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Tom’s Epilogue in the glass menagerie

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Tom’s epilogue in the glass menagerie

            In Tennessee Williams’ The Glass Menagerie, Tom’s final monologue at the play’s closing reveals some degree of professional success but his emotional life is a haunted wreck.  After losing his job with the shoe company, Tom tries to break free of his stifling, unhappy family life and attempts “to find in motion what was lost in space” (97) – happiness and freedom from the specter of his sister Laura’s mental disintegration.

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            One can guess that he has achieved professional success, because Tom is the protagonist of his own play; his days as a frustrated poet and worker in an unfulfilling job are behind him.

  However, his personal life is loaded with regret because he constantly remembers Laura, whom he abandoned to the care of their histrionic mother.  Tom has spent years on the move, and even the cities he has visited “swept about [him] like dead leaves” (97), meaning that despite their vivid appearances, they are as uprooted and inwardly dead as he is.

            In addition, guilt haunts and pursues him.  Small things remind him of Laura – especially music and glass (the two passions of her life).  His mention of a perfume shop, where he looks at the “tiny transparent bottles in delicate colors, like bits of a shattered rainbow” (97).  In a sense, when he looks through the shop window, he looks back at Laura, a delicate soul with a splintered psyche that he could not (and, indeed, refused to) heal.  Tom stays on the move, hoping that he can forget her.  Pursued by guilt and unable to forget, Tom’s own emotional life is stunted, for he does not forgive himself for deserting Laura (though he may have been unable to help anyway). Tom says little about his professional life, though one can guess that he has attained some success and reached his literary goal.  His emotional goal, however, remains beyond his grasp, as he remains haunted by the memory of a fragile sister whose needs he did not meet.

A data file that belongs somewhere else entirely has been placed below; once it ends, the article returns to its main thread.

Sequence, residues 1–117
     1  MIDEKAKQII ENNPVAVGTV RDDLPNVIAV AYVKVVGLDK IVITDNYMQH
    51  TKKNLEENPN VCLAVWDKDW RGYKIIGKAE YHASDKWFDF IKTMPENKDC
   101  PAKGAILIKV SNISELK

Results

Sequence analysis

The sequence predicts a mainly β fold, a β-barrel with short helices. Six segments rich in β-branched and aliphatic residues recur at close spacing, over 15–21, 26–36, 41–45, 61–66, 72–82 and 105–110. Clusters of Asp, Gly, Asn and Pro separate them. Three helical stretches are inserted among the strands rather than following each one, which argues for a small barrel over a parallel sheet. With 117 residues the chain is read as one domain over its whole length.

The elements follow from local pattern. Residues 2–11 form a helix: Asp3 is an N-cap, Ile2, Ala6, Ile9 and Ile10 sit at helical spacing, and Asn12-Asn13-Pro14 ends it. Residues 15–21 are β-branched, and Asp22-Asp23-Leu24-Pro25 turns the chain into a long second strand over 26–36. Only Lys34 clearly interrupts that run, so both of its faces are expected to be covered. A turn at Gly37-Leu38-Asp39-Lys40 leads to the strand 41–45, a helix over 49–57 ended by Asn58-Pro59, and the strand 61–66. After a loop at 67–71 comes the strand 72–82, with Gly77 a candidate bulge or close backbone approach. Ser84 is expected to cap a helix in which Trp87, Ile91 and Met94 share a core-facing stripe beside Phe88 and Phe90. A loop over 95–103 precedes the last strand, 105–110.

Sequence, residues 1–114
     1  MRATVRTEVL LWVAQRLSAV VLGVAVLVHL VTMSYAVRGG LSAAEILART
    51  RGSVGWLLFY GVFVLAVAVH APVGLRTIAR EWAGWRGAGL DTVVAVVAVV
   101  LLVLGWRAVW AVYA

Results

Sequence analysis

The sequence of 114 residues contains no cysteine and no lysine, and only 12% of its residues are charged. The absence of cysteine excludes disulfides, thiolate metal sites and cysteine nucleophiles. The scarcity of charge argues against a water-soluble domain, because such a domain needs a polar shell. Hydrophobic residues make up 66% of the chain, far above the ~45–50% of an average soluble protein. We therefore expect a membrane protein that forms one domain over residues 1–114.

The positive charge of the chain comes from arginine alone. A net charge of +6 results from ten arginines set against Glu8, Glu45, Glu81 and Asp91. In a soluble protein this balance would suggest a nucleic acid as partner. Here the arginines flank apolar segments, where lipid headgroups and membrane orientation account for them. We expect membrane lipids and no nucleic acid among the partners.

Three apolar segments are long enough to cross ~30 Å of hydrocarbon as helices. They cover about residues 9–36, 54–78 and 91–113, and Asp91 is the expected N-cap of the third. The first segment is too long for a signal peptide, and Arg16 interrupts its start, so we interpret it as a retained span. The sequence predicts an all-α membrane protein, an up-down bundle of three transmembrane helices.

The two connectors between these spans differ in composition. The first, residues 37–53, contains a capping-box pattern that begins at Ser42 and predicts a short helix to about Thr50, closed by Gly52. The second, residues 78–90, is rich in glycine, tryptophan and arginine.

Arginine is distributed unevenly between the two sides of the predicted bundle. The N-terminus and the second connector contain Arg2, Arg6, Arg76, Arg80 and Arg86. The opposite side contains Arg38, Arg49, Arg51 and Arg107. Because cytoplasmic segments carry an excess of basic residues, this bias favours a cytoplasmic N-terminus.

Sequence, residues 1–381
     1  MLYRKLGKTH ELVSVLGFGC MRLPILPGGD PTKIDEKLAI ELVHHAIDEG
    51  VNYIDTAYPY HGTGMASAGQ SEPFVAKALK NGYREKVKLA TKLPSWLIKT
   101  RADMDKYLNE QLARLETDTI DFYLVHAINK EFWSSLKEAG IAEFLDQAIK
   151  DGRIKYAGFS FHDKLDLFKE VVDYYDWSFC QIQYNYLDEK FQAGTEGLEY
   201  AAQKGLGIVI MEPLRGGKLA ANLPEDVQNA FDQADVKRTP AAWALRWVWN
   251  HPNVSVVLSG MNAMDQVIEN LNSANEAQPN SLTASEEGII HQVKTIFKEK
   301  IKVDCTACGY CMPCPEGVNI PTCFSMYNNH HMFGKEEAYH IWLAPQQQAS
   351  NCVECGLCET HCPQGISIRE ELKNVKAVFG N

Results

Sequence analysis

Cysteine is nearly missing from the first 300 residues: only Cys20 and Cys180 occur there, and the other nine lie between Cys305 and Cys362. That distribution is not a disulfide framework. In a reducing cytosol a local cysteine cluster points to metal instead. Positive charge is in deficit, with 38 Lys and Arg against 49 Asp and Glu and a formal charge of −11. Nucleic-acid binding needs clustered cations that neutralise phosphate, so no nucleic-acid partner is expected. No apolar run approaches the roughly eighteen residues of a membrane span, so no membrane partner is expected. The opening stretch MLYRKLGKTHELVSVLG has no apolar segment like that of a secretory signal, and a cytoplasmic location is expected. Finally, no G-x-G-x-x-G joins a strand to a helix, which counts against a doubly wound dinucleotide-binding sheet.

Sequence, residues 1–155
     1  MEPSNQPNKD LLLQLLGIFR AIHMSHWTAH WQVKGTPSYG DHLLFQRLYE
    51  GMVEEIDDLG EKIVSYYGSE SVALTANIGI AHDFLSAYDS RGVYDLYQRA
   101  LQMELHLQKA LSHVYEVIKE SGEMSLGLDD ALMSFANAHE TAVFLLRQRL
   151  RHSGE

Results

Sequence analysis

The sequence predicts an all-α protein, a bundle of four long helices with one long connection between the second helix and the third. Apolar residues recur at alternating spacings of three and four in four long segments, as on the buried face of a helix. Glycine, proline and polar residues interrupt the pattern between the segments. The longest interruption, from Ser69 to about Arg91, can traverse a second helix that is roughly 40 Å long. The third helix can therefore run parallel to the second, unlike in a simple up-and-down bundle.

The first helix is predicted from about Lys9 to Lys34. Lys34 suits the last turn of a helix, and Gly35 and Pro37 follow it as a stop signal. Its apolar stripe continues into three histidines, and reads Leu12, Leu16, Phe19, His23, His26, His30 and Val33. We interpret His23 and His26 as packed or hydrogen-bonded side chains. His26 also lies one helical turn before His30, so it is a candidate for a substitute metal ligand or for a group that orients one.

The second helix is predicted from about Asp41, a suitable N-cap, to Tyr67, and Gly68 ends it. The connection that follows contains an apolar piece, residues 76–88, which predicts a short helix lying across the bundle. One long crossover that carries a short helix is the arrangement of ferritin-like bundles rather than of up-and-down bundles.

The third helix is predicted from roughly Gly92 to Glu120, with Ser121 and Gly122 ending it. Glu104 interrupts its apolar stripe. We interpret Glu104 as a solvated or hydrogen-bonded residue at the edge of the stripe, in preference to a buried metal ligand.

Williams, Tennessee.  The Glass Menagerie.  New York: New Directions, 1999.

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Tom’s Epilogue in the glass menagerie. (2017, Jan 23). Retrieved from https://graduateway.com/toms-epilogue-in-the-glass-menagerie/

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